After all was done, the world economy suffered trillions of dollars in damage, truly an unfathomable amount of suffering, with all of the suicides, starvation, and fractured families as a result.  Would these banks have gambled so recklessly knowing they would go bankrupt?  If banker bonuses would have been capped thereafter?  If those accountable would have been fired?  If those accountable would have been jailed?  We can be sure the answer is no.  Compare this sum with property crime in the United States, where a kid spray painting a wall can be slapped with a criminal record, and then rejected from any college they apply to.  According to the FBI, property crime in the United States in 2008 cause damages worth $17 billion.  That is quite the sum, but it is less than the bonuses that bankers paid themselves that year, after destroying the world economy.


Finally, consider our political leaders, and how they actually get into office: with money.  According to the New York Times,6 “Fewer than 100 families are responsible for almost half the money raised in the 2016 presidential campaign.”  The rich buy candidates for their own purposes: to widen loopholes in laws, drill for oil in protected lands, or tax all income private equity managers receive at the capital gains rate (as we all remember Mitt Romney’s 14% tax rate in 2011).  The New York Times estimates $2 billion spent on the 2012 presidential election.7  Additionally, $1.9 billion was spent on congressional races that year,8 about $600 million on Super PACs,9 and a further $3.1 billion on state elections.10  All this comes to $7.6 billion.  Some call it “voting with your dollars,” but I call it bribery.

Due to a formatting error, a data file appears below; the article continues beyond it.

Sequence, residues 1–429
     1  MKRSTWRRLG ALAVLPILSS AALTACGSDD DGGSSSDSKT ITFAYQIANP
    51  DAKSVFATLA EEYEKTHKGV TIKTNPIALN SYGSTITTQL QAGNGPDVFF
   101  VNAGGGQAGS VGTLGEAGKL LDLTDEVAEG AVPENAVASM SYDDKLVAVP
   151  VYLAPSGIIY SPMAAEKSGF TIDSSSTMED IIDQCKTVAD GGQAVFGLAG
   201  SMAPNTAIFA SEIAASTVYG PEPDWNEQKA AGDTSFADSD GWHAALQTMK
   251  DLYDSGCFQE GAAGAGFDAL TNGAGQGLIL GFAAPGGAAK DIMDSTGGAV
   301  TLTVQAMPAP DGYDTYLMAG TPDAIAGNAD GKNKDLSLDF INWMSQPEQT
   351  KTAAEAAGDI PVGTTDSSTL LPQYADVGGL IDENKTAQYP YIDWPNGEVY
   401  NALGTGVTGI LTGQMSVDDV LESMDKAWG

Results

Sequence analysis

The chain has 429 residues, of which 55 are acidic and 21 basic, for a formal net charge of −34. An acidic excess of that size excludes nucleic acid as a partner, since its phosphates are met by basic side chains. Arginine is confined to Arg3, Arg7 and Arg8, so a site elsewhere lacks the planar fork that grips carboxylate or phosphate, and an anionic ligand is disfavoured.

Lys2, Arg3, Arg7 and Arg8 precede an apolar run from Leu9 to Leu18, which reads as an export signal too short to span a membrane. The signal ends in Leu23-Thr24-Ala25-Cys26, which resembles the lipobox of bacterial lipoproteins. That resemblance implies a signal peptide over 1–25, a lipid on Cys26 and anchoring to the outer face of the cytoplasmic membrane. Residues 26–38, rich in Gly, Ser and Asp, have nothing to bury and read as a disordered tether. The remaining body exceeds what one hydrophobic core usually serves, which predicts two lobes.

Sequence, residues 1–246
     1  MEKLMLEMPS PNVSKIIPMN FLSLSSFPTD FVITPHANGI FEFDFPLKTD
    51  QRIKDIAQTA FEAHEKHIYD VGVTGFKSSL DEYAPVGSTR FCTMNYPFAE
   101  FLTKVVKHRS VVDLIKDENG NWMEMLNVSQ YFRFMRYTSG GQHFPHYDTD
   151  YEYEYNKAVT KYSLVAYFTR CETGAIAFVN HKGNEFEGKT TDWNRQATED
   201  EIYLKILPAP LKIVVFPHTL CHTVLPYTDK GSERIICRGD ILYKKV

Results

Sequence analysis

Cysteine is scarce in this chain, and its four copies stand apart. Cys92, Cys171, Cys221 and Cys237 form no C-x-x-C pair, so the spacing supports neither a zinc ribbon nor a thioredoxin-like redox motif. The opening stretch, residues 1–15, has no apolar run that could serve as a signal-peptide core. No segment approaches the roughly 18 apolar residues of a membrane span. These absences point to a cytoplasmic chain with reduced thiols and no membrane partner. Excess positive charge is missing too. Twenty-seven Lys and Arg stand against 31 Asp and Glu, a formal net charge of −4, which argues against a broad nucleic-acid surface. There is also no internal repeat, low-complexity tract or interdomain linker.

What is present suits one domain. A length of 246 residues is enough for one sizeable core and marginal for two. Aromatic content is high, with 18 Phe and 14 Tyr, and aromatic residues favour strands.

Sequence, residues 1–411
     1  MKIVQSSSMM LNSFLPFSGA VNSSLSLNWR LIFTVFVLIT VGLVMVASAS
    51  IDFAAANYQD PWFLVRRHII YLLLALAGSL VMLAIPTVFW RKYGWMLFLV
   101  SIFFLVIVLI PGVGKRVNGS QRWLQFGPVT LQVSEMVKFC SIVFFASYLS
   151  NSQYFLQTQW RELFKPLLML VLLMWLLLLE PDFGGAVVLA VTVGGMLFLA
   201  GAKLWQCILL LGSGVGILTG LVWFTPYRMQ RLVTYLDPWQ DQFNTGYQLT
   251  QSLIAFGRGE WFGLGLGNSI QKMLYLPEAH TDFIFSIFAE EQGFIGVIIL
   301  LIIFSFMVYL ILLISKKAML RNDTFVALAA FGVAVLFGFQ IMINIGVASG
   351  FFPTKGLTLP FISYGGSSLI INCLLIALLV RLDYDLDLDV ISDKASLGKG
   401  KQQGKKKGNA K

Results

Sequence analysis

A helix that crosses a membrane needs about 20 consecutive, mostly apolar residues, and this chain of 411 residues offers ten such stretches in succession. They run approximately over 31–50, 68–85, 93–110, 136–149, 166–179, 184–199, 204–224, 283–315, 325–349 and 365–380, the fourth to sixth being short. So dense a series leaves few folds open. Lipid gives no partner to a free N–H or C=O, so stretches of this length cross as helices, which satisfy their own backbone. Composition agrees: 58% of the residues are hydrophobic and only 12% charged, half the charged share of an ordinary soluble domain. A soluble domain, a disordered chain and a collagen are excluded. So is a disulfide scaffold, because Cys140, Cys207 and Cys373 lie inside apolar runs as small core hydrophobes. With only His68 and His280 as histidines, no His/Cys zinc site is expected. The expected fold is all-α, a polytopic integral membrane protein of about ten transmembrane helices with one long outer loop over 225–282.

But what if someone were to pay in thousands, rather than millions, for a seat in state bureaucracy, rather than the presidency?  Bribery to gain employment in government is punishable by up to 15 years in jail!11  For what cause? To keep unqualified people from getting the jobs? To give everybody a fair shot, irrespective of whether they are rich or poor?  To remove subversive interests from decision-making?  To ensure government answers to the people?  Campaign donations make a mockery of all of that.  When half of the contributions come from one hundred families, politicians will regard the rest of us like ants.


Legal crime, through decades, or even centuries of practice, can numb our indignation.  Notable abolitionist, Wendell Phillips, speaking to the Massachusetts Anti-Slavery Society in 1852 stated, “Eternal vigilance is the price of liberty; power is ever stealing from the many to the few.”  He knew that corruption and avarice would be made common, though villains tried in courtrooms are spectacle.  We must vote with our votes.  If need be, we must vote with our dollars, if only to stem the avalanche of hedge fund contributions with our own.  Money launderers must be imprisoned.  Those who destroyed the world economy must be tried; and finance must be regulated further.  Those who lied to Congress in 2003 are traitors, and must be tried as such.  Campaign finance must be reformed.  Together we can accomplish these things, but it will take a spirited endeavor; our leaders, one can be sure, like things just the way they are.


1 Benefit of Clergy: Some notes on Salvador Dali


3 Institute for International Economics

4 Iraq Death Toll Reaches 500,000 Since Start of U.S.-Led Invasion, Says New Study

5 Bankers Reaped Lavish Bonuses During Bailouts

6 Small Pool of Rich Donors Dominates Election Giving





11 18 U.S.C. § 201 (b) (1)-(2)